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Selling Residential Solar: How To Enroll in Net Metering

According to Statista, in 2021, there were around 3.27 million photovoltaic net metering customers in the United States. Net metering was first implemented in the United States in 1982 to incentivize the adoption of renewable energy sources, particularly solar power. It was introduced as a policy to promote the growth of clean energy generation and reduce reliance on fossil fuels. 

Net metering was first implemented in the United States in 1982 in Massachusetts – one of the earliest states to adopt net metering as a policy to promote renewable energy sources, particularly solar power. Over time, other states and utilities followed suit, and by 1998, 22 states or utilities had adopted net metering regulations. 

How Net Metering Programs Work

The main goal of net metering is to encourage homeowners and businesses to install solar panels and produce their own electricity. By allowing them to receive credits for any excess energy they generate and contribute back to the grid, net metering provides a financial incentive for individuals to invest in renewable energy systems. 

Net metering allows solar energy system owners to receive credits for the excess electricity they generate and contribute back to the grid. This mechanism not only promotes the use of clean energy but also helps homeowners offset their electricity costs and earn savings. It’s a beneficial arrangement that supports the growth of renewable energy in the country.

Why Join a Net Metering (Net Billing) Program

Enrolling in your local net metering program can be an excellent decision if you’re considering going solar. 

One of the top reasons to do so is the potential for significant cost savings. With net metering, any excess energy your solar panels produce can be returned to the grid, and you receive credits for that energy. 

When your solar system isn’t generating enough power, such as at night or during cloudy days, you can use those credits to offset your electricity usage from the grid. This means lower or even zero electricity bills!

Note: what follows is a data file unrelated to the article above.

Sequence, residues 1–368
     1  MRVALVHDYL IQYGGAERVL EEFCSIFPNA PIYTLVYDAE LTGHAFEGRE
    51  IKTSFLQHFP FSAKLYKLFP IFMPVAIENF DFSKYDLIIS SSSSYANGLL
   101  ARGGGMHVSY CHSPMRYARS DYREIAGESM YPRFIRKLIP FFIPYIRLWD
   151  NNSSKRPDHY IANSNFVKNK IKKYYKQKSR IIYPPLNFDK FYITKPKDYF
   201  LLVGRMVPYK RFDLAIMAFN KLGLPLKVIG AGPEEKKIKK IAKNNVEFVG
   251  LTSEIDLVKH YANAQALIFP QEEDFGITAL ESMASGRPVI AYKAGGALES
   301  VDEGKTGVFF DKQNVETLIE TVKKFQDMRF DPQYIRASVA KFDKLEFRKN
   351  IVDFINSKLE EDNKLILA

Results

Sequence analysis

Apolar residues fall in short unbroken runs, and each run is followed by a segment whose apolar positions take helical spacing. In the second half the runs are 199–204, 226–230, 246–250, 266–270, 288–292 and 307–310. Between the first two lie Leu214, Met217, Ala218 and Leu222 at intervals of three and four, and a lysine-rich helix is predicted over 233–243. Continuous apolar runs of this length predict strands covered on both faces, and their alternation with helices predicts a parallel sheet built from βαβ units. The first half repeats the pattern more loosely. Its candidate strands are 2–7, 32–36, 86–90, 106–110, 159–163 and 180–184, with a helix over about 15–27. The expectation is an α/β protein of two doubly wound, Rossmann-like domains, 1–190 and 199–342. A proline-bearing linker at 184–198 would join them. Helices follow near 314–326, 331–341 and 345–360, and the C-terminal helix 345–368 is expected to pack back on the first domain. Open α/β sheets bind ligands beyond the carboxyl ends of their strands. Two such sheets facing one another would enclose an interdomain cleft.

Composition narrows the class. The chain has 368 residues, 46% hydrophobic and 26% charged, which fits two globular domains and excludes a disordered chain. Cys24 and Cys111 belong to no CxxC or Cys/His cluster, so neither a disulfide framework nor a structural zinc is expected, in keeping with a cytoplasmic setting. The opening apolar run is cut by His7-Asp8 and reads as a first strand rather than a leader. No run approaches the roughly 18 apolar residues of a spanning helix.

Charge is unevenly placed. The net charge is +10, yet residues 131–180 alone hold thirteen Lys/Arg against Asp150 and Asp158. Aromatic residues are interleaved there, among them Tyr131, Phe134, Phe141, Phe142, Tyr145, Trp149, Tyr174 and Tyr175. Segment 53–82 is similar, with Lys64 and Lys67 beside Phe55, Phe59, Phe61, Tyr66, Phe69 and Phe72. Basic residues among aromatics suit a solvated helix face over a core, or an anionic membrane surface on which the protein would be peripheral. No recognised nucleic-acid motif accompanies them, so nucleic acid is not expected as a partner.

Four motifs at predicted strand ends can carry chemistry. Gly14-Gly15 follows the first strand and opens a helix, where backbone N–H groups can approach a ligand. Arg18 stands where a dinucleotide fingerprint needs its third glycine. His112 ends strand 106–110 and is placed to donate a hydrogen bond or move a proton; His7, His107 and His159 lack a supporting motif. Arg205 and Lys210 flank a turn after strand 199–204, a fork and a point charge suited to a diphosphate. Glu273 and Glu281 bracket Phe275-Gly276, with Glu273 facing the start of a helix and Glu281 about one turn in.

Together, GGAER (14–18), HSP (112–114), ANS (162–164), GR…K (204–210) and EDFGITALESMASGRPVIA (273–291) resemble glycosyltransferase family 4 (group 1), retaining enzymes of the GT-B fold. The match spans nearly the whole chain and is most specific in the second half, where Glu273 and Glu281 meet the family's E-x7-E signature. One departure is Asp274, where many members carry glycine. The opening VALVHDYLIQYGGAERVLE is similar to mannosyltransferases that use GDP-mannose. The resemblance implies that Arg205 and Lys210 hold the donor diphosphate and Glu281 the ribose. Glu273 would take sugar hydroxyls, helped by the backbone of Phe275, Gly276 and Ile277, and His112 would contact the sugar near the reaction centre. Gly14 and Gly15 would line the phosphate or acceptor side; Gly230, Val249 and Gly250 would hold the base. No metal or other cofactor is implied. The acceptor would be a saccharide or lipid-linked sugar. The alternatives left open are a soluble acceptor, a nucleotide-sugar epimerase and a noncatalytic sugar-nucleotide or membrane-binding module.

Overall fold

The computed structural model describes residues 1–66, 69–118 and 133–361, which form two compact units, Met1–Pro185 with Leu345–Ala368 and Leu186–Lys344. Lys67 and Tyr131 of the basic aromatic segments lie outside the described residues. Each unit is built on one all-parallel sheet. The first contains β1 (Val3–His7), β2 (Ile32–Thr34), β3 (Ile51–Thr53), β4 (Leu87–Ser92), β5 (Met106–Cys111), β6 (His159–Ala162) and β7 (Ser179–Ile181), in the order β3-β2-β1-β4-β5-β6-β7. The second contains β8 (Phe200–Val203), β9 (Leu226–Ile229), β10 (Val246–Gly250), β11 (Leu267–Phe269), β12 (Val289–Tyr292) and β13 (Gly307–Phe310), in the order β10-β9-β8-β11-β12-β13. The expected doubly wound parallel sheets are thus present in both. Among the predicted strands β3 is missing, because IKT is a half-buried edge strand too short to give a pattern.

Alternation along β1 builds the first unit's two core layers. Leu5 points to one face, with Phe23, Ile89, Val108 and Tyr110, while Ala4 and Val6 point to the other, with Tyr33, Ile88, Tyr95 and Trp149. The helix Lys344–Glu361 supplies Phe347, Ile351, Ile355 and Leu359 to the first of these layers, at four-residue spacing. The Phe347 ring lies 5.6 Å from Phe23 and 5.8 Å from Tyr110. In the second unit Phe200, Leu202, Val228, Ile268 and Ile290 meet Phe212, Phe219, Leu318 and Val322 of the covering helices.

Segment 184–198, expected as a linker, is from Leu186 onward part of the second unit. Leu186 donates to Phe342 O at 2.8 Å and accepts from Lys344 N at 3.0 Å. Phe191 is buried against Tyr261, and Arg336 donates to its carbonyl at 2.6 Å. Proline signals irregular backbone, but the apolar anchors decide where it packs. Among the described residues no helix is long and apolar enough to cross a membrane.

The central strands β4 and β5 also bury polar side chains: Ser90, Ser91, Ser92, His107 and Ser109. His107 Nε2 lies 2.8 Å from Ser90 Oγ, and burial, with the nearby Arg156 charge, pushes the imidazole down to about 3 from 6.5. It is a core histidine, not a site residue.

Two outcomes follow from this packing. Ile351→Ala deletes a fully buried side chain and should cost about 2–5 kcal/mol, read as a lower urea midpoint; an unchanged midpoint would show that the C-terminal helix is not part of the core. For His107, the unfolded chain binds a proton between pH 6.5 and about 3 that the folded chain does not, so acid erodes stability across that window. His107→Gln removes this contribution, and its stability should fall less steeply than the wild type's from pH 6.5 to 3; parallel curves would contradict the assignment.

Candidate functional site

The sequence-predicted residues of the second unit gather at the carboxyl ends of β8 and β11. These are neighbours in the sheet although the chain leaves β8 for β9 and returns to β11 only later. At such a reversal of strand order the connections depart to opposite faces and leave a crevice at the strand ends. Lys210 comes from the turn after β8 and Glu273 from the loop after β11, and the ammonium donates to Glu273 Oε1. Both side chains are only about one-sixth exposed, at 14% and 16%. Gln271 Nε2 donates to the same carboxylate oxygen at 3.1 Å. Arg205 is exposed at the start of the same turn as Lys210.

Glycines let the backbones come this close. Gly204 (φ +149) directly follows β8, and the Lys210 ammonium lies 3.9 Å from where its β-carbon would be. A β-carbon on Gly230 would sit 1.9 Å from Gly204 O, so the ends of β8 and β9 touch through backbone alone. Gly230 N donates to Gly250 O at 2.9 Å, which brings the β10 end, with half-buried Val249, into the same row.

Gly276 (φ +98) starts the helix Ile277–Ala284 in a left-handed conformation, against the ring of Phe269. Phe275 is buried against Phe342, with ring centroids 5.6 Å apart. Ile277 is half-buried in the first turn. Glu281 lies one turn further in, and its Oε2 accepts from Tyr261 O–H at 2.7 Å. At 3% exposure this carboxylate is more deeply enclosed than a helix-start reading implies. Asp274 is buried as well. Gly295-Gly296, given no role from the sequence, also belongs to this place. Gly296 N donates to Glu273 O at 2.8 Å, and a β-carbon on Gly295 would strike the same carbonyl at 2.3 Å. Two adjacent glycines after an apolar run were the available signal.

Not only does net metering help reduce your reliance on traditional energy sources, but it also allows you to take full advantage of your solar investment while contributing to a greener future. It’s a win-win situation for both your wallet and the environment.

How to Enroll in a Net Meter Program

Luckily, the installer does most of the heavy lifting to join a net meter program. To get started, your solar installer will complete the following steps (MarketWatch):

  1. Interconnection Application: Once your solar system is installed, you’ll apply for interconnection through your utility company.
  2. Net Billing Agreement: Once your interconnection application is approved, you’ll sign your net billing agreement outlining the terms of the arrangement.
  3. Install a Revenue Grade or Bi-Directional Meter: Your solar technician will install a bi-directional meter to measure how much energy you use from and supply to the grid.
  4. Earn Credits: Once your solar panels are on and running, you can earn credits with your state’s net billing program.

What States Have Net Meter Programs

As of October 2023, net metering programs are implemented in these states with their associated utility partners: 

StateNet Metering Programs*
CaliforniaPacific Gas & Electric (PGE)San Diego Gas & Electric (SDG&E)Southern California Edison (SCE)Los Angeles Department of Water and Power (LADWP)
ColoradoXcel Energy
FloridaDuke EnergyFlorida Power & Light (FPL)
GeorgiaGeorgia Power
IllinoisCommonwealth Edison (Comed)
IowaMidAmerican EnergyInterstate Power and Light / Alliant Energy
MarylandPepco / Exelon
MassachusettsEversourceNational Grid
MinnesotaXcel Energy
NevadaNV EnergyValley Electric Association
New HampshireEversource
New JerseyJersey Central Power & Light / First EnergyPSEG
New MexicoXcel Energy
New YorkConsolidated EdisonNational GridPSEG Long Island
North CarolinaDominion EnergyDuke Energy
OhioDuke Energy
PennsylvaniaPECO / Exelon
South CarolinaDominion EnergyDuke Energy
TexasOffers multiple solar buyback plans from
retail electricity providers, municipal power
companies and electric cooperatives
UtahRocky Mountain Power
VermontGreen Mountain Power
VirginiaDominion Energy
Washington. DCPepco / Exelon
WisconsinXcel Energy

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